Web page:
Robert Pinsky grew up in the small town of Long Branch, New Jersey, and focuses on small towns in his book Thousands of Broadways: Dreams and Nightmares of the American Small Town. The essays were originally given as a series of lectures, encompassing both Pinsky’s personal experiences and depictions in film and books. While the material is rich — Willa Cather, Mark Twain, Preston Sturges, Alfred Hitchcock, a KKK rally, the death of a president — the book is unfulfilling. The essays and lectures are so concerned with detail and trivia — for example, did you know that Sturges invented smear-proof lipstick as a teenager? I now do — that they forget to say anything sweeping and interesting. The sharpest section of Thousands of Broadways is a section quoted at length that reconsiders the Stage Manager’s speech at the end of Our Town as told by a character in a Faulkner story. “Nothin’ much happened. Couple of people got raped, couple more got their teeth kicked in…” It was written by Kenneth Tynan.

When the majority of the writers and filmmakers Pinsky examines were working, the town was the center of American life. Most of the population either lived in one or traveled there from the countryside to conduct business. Today the center of culture, education, entertainment, employment are all focused in the cities. The small town does not represent anything in contemporary society other than itself. When you want to write an epic, you set it in the city. The small town is no longer America, except in the pandering talk of politicians. And yet still the mythic ideal persists. Perhaps we have collectively seen too many Jimmy Stewart movies and long for a wholesomeness that no longer seems to exist. If it ever did. Even when Pinsky was a child, the common refrain was that Long Branch had seen its better days, a holiday retreat of the rich so lovely that President Garfield, languishing after having been shot, wanted to return there. It was in that town that Pinsky first learned to be embarrassed of his ambition to be a writer, told by well-meaning men in the town that he would never find work. Perhaps most annoying is Pinsky’s inability to define what a small town is. He uses the word “town” to sweep up pretty much anything that isn’t New York, Chicago, or Los Angeles, as if a small rural town in Kansas exhibits the same behavior as a resort town on the Jersey Shore.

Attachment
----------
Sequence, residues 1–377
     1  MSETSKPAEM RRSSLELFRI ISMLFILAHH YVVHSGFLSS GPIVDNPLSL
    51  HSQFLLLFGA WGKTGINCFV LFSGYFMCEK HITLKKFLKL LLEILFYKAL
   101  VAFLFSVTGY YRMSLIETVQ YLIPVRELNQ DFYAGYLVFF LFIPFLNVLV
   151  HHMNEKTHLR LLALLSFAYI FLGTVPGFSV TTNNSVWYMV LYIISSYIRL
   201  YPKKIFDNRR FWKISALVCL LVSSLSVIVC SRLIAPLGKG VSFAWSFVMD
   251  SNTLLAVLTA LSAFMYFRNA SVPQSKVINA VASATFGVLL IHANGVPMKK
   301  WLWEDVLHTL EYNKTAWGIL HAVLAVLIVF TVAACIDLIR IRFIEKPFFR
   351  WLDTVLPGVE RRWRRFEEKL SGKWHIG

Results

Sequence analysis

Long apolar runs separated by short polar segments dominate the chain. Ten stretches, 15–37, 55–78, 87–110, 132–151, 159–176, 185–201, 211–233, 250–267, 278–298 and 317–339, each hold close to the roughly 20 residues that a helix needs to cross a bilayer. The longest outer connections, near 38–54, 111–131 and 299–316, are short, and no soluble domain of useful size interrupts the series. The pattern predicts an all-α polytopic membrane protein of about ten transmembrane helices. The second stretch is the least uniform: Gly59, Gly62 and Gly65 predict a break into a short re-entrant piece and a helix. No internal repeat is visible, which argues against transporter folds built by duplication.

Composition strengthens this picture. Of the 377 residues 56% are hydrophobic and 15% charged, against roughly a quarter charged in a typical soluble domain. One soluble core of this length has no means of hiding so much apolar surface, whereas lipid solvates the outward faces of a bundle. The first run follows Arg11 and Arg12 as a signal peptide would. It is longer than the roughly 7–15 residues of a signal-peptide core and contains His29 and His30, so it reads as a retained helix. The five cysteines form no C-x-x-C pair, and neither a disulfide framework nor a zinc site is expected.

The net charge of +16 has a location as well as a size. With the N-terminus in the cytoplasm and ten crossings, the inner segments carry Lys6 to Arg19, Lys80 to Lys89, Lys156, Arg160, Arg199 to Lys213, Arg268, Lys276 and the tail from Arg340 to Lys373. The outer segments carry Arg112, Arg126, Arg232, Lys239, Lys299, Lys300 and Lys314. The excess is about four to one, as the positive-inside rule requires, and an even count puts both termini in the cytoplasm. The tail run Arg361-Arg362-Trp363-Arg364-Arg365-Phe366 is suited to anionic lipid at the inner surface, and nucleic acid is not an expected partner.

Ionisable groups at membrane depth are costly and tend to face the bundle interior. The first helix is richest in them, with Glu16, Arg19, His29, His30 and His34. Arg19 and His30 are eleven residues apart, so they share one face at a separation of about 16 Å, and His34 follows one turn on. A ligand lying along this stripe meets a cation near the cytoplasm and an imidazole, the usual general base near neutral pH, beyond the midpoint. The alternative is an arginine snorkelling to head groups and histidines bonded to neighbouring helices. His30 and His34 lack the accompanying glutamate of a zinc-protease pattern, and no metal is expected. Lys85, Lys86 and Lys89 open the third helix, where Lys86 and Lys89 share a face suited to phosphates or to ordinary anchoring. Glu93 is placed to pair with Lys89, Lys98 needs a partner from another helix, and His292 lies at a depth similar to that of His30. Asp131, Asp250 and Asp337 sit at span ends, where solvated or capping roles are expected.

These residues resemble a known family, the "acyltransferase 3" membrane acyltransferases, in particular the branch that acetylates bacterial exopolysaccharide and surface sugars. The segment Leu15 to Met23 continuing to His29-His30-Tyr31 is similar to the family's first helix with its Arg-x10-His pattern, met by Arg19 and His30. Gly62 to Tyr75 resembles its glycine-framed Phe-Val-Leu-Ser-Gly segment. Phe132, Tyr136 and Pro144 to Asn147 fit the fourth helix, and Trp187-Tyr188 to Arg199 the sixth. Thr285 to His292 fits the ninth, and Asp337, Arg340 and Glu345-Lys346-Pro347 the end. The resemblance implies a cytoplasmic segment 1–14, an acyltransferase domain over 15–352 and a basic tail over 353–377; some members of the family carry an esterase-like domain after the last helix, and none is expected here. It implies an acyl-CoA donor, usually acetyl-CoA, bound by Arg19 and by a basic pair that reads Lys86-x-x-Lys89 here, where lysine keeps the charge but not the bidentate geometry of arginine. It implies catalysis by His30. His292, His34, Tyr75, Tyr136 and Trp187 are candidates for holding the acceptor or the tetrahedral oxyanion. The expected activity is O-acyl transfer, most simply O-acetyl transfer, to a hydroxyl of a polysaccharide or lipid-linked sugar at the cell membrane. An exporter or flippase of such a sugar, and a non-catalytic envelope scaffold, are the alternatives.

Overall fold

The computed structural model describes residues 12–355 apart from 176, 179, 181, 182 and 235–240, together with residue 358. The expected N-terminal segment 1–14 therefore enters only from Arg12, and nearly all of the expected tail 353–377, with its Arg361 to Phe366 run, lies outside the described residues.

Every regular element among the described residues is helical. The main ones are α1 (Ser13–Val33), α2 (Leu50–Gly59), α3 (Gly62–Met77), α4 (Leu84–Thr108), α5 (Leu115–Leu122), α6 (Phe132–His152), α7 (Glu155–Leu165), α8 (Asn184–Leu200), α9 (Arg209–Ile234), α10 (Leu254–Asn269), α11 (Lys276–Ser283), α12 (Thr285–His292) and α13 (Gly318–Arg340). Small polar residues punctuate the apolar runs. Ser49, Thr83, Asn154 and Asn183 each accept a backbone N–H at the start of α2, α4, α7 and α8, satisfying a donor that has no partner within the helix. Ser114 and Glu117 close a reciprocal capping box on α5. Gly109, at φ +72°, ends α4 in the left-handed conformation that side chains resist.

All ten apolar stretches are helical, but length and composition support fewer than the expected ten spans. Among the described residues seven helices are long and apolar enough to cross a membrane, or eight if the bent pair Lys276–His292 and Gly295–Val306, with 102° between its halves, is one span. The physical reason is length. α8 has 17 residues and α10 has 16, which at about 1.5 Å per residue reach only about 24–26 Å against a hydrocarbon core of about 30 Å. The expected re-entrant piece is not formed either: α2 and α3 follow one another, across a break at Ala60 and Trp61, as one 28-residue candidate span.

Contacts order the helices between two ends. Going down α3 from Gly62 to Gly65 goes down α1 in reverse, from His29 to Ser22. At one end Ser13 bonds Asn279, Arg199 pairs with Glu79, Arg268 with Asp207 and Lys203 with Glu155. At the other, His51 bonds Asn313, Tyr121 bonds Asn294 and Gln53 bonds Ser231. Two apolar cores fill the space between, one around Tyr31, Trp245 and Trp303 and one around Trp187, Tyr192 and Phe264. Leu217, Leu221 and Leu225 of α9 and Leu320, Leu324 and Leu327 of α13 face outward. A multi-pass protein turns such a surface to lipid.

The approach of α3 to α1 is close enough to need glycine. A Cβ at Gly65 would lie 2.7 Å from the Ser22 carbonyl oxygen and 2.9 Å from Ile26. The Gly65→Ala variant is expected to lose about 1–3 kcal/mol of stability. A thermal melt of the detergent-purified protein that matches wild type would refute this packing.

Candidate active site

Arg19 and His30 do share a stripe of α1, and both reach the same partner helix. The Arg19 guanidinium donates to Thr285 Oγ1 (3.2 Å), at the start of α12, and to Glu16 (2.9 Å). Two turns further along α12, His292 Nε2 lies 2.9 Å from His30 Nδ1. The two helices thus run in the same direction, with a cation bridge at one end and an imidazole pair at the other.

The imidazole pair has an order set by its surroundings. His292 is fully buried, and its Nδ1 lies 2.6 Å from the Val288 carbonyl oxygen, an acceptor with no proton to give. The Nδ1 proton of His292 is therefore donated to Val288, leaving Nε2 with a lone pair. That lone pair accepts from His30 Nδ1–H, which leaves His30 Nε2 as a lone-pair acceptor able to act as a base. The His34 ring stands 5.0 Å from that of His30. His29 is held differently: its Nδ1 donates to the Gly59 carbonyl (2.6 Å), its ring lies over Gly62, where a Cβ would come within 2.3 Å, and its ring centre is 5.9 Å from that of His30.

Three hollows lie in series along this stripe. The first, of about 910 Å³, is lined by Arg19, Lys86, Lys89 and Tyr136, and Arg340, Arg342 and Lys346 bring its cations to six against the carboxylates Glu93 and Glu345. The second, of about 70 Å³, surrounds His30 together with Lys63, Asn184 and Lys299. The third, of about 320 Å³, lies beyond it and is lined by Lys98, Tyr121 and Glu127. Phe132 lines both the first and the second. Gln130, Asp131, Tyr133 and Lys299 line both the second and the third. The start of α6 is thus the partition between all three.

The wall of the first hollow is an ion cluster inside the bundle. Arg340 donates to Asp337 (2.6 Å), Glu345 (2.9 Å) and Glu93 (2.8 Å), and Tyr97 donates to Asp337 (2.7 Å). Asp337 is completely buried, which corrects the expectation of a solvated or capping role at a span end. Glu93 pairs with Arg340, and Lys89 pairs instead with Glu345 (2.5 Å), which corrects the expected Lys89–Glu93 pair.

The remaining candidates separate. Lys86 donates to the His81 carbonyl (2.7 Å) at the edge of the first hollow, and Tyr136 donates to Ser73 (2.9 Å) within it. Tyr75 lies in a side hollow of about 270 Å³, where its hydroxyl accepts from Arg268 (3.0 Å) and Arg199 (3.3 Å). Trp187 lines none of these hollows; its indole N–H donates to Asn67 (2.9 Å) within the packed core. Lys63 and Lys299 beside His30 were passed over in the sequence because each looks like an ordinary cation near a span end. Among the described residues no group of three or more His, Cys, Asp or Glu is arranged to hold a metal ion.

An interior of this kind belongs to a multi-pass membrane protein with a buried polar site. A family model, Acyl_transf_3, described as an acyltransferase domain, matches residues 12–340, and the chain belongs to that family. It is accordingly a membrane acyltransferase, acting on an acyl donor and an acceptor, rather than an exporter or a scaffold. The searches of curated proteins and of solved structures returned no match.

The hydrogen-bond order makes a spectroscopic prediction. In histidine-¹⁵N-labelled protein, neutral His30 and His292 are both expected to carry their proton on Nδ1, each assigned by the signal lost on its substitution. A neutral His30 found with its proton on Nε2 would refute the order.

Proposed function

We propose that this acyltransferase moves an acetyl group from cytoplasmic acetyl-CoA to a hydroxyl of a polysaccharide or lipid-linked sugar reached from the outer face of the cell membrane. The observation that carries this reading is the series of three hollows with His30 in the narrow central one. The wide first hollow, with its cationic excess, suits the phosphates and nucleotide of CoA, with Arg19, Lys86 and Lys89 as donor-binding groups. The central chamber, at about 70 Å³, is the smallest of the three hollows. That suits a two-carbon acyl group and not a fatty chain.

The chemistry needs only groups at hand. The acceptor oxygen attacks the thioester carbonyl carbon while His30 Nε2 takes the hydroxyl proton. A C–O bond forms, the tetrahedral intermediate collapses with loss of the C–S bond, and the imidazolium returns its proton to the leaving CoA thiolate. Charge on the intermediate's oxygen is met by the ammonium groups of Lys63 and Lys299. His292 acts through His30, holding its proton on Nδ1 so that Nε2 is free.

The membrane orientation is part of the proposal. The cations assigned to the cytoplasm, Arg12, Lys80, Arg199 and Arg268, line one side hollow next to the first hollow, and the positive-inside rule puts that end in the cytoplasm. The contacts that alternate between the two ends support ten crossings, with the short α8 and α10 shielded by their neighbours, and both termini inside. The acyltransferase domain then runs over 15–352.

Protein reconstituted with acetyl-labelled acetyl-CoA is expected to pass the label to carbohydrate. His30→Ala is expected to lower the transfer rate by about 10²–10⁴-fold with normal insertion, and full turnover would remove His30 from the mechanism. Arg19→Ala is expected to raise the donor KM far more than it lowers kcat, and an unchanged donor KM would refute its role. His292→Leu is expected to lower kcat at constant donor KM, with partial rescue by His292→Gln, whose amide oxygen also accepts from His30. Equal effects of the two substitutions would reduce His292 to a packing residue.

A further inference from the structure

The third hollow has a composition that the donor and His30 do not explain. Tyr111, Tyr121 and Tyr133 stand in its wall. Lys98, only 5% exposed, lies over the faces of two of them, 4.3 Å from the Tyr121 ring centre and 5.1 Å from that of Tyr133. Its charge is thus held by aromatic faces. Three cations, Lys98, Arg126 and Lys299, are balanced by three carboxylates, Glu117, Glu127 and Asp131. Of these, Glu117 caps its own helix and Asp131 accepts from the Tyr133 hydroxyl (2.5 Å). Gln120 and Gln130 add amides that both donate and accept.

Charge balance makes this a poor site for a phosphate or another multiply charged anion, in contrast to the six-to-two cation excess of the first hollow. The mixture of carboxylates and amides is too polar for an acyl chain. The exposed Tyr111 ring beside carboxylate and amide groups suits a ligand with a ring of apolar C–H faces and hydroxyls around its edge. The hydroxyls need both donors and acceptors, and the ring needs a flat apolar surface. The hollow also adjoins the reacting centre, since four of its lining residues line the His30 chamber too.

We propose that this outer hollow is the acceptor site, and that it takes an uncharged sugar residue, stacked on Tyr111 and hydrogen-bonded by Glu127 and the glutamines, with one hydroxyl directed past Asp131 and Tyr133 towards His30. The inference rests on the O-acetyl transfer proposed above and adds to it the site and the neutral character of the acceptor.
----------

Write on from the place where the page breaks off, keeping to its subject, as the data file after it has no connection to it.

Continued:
Perhaps the most interesting part of Thousands of Broadways is barely covered: how the creative soul, the free spirit, the intellectual, the artist, and the writers feel about their childhoods spent in small towns. Small towns love an eccentric — if you don’t believe me, ask a Kansan what they think of the Garden of Eden sculptures in Lucas — but they don’t always handle the ambitious or the iconoclast so well. Many writers hold their small town roots in contempt, as Jonathan Franzen does in his essays on the subject. Others — like Willa Cather, who is profiled in Thousands of Broadways — credit their hometowns for character and talent. In Cather’s semi-autobiographical novel The Song of the Lark, a famous singer leaves her hometown of Moonstone for the big city of Chicago only to discover, as Pinsky puts it, “Chicago turns out to harbor provinciality and plausible mediocrity, [while] Moonstone turns out to harbor seeds of high art.”

“No matter how much you want to, you never unbecome the place you came from,” essayist and novelist Rebecca Brown once wrote. As a native of a very isolated town of 1,200 people — we had to drive an hour to get to a supermarket — I can say it’s odd to see so little of your life reflected in the culture at large. I was one who fled and escaped, but I also hold quite fond feelings for where I grew up, and not much gets me angrier than a lazy or stereotypical depiction of the Midwest. But the era of the small town has passed, and if all we ever remember are these false versions, we’ll never understand what we’re losing. • 22 July 2009

 

Jessa Crispin is editor and founder of Bookslut.com. She currently resides in Chicago.